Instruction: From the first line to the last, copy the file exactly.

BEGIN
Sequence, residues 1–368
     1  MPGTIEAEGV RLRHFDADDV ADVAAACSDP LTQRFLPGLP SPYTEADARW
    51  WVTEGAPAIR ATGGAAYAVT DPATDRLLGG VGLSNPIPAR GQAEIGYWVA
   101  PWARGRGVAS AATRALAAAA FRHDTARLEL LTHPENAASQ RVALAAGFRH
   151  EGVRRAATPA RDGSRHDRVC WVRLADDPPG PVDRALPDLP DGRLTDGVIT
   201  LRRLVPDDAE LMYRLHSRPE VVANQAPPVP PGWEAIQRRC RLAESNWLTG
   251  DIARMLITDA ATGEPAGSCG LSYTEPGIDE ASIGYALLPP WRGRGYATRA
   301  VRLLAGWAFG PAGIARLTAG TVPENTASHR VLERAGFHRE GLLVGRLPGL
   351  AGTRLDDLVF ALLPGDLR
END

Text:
Sequence, residues 1–368
     1  MPGTIEAEGV RLRHFDADDV ADVAAACSDP LTQRFLPGLP SPYTEADARW
    51  WVTEGAPAIR ATGGAAYAVT DPATDRLLGG VGLSNPIPAR GQAEIGYWVA
   101  PWARGRGVAS AATRALAAAA FRHDTARLEL LTHPENAASQ RVALAAGFRH
   151  EGVRRAATPA RDGSRHDRVC WVRLADDPPG PVDRALPDLP DGRLTDGVIT
   201  LRRLVPDDAE LMYRLHSRPE VVANQAPPVP PGWEAIQRRC RLAESNWLTG
   251  DIARMLITDA ATGEPAGSCG LSYTEPGIDE ASIGYALLPP WRGRGYATRA
   301  VRLLAGWAFG PAGIARLTAG TVPENTASHR VLERAGFHRE GLLVGRLPGL
   351  AGTRLDDLVF ALLPGDLR